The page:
Calcium is suitable for your bone health and your developing baby’s. It’s also been found to reduce the risk of pre-eclampsia. Most prenatal vitamins will include the recommended daily dose of 1000 mg.
Magnesium is important for biochemical reactions within the body, including the development of bone and DNA synthesis, and it’s been found to reduce tiredness and fatigue. The recommended daily allowance is 300 mg. Magnesium can be found widely in plant and animal foods like spinach, legumes, nuts, seeds, and many fortified food products. It’s also found in many medications used for heartburn and an upset stomach. Therefore you should first discuss with your doctor to determine if a magnesium supplement is safe during pregnancy for you based on your dietary and medication intake.
Potassium helps alleviate fluid retention, which is very common in pregnancy, particularly in the later stages. Also, it helps maintain your body’s electrolyte balance so that your immune system doesn’t become weakened. When there’s an electrolyte imbalance within the body, such as lack of potassium, you often experience leg cramps and have restless legs. The amount of potassium you require changes between the 1st and 3rd trimester of pregnancy. While you should ensure you’re getting enough potassium (2600-2900mg per day), it is equally important that you don’t consume too much of it. Your doctor will test your current levels and advise you if you need to increase your intake.
Iodine is vital for the neurocognitive development of the fetus. Women who do not regularly consume enough in their diet (through dairy products, eggs, seafood, or iodized salt) should consider adding an iodine supplement. While you shouldn’t increase your regular salt intake, you should switch to iodized salt. If you’re worried about iodine’s dietary levels, speak to your health provider as most prenatal supplements do not automatically contain the recommended 220 mcg of iodine.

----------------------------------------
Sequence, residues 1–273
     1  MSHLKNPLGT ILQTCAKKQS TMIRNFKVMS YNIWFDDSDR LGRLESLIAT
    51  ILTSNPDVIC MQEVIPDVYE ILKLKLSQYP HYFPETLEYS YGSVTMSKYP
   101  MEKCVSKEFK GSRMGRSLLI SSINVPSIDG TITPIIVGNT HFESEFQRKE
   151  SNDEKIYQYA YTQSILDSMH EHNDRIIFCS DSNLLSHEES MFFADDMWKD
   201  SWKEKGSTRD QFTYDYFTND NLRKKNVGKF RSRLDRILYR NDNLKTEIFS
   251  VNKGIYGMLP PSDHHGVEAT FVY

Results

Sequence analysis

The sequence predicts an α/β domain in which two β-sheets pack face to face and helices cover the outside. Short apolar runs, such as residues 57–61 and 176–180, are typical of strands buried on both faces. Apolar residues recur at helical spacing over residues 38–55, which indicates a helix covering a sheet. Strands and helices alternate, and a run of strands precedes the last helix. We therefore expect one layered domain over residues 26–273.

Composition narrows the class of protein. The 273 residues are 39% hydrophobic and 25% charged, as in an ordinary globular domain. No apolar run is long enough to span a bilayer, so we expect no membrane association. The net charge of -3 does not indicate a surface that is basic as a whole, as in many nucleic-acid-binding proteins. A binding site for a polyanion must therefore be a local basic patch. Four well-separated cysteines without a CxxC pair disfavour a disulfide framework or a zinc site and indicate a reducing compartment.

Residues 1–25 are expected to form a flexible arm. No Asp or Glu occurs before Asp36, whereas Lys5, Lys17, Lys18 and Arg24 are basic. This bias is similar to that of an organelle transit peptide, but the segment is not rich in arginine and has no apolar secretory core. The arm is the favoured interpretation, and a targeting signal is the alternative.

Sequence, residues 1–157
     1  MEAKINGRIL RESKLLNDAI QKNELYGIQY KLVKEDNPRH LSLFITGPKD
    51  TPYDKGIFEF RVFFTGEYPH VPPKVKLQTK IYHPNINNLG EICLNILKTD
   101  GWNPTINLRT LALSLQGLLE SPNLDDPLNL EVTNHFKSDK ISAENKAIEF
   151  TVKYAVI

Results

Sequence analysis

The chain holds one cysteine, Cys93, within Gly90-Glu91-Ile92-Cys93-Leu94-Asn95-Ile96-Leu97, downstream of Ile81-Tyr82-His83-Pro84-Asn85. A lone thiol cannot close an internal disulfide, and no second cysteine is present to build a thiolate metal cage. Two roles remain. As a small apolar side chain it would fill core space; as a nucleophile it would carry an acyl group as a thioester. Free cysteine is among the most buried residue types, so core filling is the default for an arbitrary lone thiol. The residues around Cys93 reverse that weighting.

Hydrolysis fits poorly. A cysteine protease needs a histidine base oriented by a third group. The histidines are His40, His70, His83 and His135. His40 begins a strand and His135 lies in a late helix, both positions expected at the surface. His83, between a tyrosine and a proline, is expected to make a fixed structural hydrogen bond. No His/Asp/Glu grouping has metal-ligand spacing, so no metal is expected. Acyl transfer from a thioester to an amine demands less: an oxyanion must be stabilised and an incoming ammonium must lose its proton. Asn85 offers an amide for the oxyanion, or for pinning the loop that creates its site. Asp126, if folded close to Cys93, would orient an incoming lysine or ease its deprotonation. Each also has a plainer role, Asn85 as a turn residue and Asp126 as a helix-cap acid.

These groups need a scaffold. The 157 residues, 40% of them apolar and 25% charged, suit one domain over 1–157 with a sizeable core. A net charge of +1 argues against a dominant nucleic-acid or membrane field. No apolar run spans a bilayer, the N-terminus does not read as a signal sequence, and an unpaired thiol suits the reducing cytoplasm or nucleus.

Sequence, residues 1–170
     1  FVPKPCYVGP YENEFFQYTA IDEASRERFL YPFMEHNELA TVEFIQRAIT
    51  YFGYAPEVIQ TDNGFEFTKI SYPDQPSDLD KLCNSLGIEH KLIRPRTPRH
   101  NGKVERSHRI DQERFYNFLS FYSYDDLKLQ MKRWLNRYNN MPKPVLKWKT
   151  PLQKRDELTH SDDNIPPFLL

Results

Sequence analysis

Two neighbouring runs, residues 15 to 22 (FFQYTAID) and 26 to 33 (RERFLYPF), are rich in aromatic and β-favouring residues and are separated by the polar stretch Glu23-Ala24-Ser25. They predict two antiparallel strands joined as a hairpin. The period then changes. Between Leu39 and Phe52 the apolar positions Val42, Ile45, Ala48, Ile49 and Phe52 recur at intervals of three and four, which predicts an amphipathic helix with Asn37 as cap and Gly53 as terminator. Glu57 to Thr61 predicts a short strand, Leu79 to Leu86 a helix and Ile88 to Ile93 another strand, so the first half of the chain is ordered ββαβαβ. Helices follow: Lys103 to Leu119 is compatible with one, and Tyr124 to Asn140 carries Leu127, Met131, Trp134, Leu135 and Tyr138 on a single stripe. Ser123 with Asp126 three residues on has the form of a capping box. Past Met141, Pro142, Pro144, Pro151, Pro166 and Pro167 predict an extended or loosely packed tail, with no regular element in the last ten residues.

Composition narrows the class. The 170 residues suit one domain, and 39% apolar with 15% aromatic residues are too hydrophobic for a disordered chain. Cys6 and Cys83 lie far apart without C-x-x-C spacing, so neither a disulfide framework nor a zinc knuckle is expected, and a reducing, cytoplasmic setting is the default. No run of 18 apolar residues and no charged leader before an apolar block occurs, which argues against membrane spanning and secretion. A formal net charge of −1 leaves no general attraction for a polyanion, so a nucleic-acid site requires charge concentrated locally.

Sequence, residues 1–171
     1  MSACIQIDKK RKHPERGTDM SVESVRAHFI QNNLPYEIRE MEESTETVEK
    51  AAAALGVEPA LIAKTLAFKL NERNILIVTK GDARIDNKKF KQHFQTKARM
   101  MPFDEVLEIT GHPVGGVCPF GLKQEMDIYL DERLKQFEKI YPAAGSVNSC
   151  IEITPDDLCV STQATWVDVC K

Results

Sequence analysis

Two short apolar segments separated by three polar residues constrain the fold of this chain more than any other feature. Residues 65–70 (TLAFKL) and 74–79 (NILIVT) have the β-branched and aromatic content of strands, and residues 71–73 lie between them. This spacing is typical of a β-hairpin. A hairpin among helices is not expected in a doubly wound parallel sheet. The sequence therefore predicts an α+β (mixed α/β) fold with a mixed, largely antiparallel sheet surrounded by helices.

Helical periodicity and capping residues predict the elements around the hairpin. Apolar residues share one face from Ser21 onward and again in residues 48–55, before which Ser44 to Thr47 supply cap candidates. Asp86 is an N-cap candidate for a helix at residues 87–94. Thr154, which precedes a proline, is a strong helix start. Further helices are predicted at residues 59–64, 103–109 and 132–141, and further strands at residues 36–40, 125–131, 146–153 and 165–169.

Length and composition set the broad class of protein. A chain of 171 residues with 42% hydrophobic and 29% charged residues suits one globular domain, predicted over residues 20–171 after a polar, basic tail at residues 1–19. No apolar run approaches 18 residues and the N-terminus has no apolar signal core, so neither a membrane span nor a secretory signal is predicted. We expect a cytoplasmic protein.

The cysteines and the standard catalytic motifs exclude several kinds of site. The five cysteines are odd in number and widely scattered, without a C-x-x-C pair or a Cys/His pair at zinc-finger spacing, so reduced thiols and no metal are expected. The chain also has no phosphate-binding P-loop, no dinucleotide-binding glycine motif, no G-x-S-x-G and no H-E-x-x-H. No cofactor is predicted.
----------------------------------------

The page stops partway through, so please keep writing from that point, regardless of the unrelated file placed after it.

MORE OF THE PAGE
Other key considerations
Below are other critical nutritional supplementation considerations and a safety tip to meet your nutrient needs;
- Pregnancy supplements vary based on your diet, lifestyle, and stage of pregnancy. Early prenatal supplements will have differing amounts of vitamins and minerals compared to 3rd trimester and postnatal supplements. So taking prenatal multivitamins before you’re pregnant can also boost your immune system and make sure you’re at optimal health in the early stages of your pregnancy.
- Probiotics may help decrease your morning sickness symptoms, prevent constipation, relieve heartburn and set up healthy gut flora by boosting healthy bacteria levels. They are naturally found in organic superfoods such as kale, broccoli, cauliflower, and many dairy products.
- There is evidence that taking collagen while pregnant can improve wound healing and overall quality of life. This is a relatively new area under study so you’re advised to discuss this with your doctor before supplementing.
- The presence of nutritional assistance programs for pregnant women with low income has ensured any pregnant woman can still meet their nutrient needs through supplementation. Programs such as the Special Supplemental Nutrition Program for Women, Infants, and Children (WIC) have increased the availability of supplements. The Supplemental Nutrition Assistance Program (SNAP) and Healthy Eating on a Budget can help women get more rounded nutrition when they find themselves in economic hardships, while the Micronutrient Supplementation Program can help you attain a fuller diet with the use of micronutrient supplements.
- Food safety is important during pregnancy. You’re at increased risk of getting food-borne illnesses while pregnant so cook all your food thoroughly. Also buy pasteurized products and heat lunch meats to prevent getting listeriosis caused by eating contaminated food.
Always speak to your healthcare provider about what’s best for you and your baby. They can help supervise and approve the intake of any herbal or nutritional pregnancy supplements to ensure your baby safely receives optimal nutrition. You should also confirm whether a nutritional supplement is of good quality and if it’s from a reputable organization.
The pregnancy supplements to avoid are cheaply manufactured by unrecognized organizations and may falsely promise weight loss or prevention, contain high vitamin A levels, or whey protein powder (unless it’s the grass-fed option). Avoid evening primrose and chamomile tea which are believed to trigger uterine contractions. Finally, seek nutritional counseling to suit your individual dietary preferences and needs.